When the Archbishop of Uganda Rev Stanley Ntagali walked out of a global gathering of archbishops in Canterbury last year after being angered by the American Episcopal Church’s decision to endorse same-sex relationships, little did we know that he would be boycotting this year’s gathering at the same venue.
Upon walking out of the Primates’ meeting in Canterbury last year, Mr. Ntagali issued a statement saying that it was necessary for him to withdraw from the meeting because it seemed that he was being manipulated into participating in a long meeting with the Episcopal Church USA and the Anglican Church of Canada without the necessary discipline being upheld. He further made it clear that he and other conservative archbishops would not be returning until “godly order” had been restored and the bible returned to what he said is its rightful place “as the authority for our faith and morals”. While speaking to the BBC, Mr. Ntagali said he was not prepared to tolerate people with “an unbiblical view of marriage”.
On the contrary, the Archbishop of Canterbury who recently met with President Museveni at State House believes that the church should not be split by issues that in his words called “creedal”, meaning issues not directly related to the church. After Mr. Ntagali walked out the last Primates’ meeting, Mr. Welby explained that it is a constant source of deep sadness that people are persecuted because of their sexuality. He said, “It is not for us to divide the Body of Christ.” He also apologised to the African LGBT Christians and activists who gathered outside the Primates press conference to protest.
The LGBT Christians mainly Ugandans who protested in Canterbury during last year’s Primates’ meeting said they were Gay Christians who were unhappy with the Church leaders amongst the Primates who preached homophobic hatred. They wanted to be given a chance to be heard instead of the Primates making general decisions on their behalf. The Gay protesters who carried banners which said “preach love, not hate, to LGBTI apparently yielded some results as at the end of the press conference as the Archbishop of Canterbury apologized to the LGBT community for any religious injustice accorded to them.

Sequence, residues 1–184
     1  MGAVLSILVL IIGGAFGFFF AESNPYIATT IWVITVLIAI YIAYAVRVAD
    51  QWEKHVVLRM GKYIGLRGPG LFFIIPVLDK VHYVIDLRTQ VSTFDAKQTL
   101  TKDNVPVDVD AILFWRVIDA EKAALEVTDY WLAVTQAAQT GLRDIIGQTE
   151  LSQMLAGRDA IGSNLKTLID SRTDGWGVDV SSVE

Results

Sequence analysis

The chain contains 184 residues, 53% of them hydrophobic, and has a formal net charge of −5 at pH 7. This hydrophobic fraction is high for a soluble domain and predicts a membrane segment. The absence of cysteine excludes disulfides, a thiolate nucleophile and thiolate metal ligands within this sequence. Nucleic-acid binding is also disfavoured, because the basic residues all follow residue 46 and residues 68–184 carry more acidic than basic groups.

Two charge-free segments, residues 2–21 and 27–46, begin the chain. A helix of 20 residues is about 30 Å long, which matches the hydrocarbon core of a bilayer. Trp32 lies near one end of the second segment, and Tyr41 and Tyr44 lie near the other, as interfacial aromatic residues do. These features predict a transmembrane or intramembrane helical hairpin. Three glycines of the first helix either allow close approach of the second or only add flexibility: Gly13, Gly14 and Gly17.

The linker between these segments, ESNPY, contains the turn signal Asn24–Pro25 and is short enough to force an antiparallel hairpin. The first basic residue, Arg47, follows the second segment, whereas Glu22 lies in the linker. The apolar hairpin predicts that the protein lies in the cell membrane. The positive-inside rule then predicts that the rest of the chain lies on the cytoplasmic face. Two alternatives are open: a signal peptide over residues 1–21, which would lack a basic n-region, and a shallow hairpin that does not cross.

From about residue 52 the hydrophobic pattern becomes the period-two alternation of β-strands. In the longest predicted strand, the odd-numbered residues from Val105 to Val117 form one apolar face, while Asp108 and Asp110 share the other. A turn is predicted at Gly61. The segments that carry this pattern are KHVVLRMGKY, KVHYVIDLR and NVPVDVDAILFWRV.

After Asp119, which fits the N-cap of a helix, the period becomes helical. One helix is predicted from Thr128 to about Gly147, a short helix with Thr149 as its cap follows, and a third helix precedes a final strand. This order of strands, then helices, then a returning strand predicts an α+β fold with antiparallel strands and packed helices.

The next gathering of Primates is scheduled to take place this October in Canterbury, however, Mr. Ntagali has made it clear in writing to the Archbishop of Canterbury explaining that he will not be attending.
Welby has previously admitted there is a “realistic chance” the Anglican Communion will split. He said: “I think, realistically, we’ve got to say that despite all efforts there is a possibility that we will not hold together, or not hold together for a while.
“I could see circumstances in which there could be people moving apart and then coming back together, depending on what else happens
He added: “It would take a long time for the latent underlying link to Canterbury to cease to be an important factor in the way people looked at life and the Communion.
Mr Ntagali says the Bible teaches that marriage should be between a man and a woman and that the growing Ugandan church will not remain in fellowship with those who support same-sex unions. “This is the basis of our faith and it is founded in the Scriptures, “he said.
Meanwhile, the Ugandan LGBT community in the United Kingdom has made it a habit to hit the streets and protest the current decriminalization of same-sex relationships in the Commonwealth.
Over the weekend, they took it to the streets of Brighton to celebrate what they called summer of love. According to pictures and videos that are making rounds on different social media platforms, unlike their counterparts in the west, same-sex marriage seems not a priority for these activists but rather decriminalisation of same-sex practices in the Commonwealth seems at the top of their priorities.
The gay activists believe that the decriminalization of homosexuality will make a major difference in the daily lives of many gay people, who live under constant fear of threats, harassment and persecution under the current legislation in their countries.
Clad in Ugandan traditional attire and waving the country’s flags high, they displayed what we have seen as a colorful show amidst cheers and excitement of fellow gay people and by standers.
A look at the Facebook pages of the gay organisations that they are attached to, it is clear evidence that the activists commit themselves to challenging all legal systems and practices which either currently criminalize or seek to reinforce the criminalisation of gay people, knowledge creation, sexual self-creation, movement building as well as organisations.
The post Archbishop Stanley Ntagali to boycott global gathering of Archbishops over gay marriage. appeared first on Campus Eye.
read more here: Campus Eye. This post is syndicated.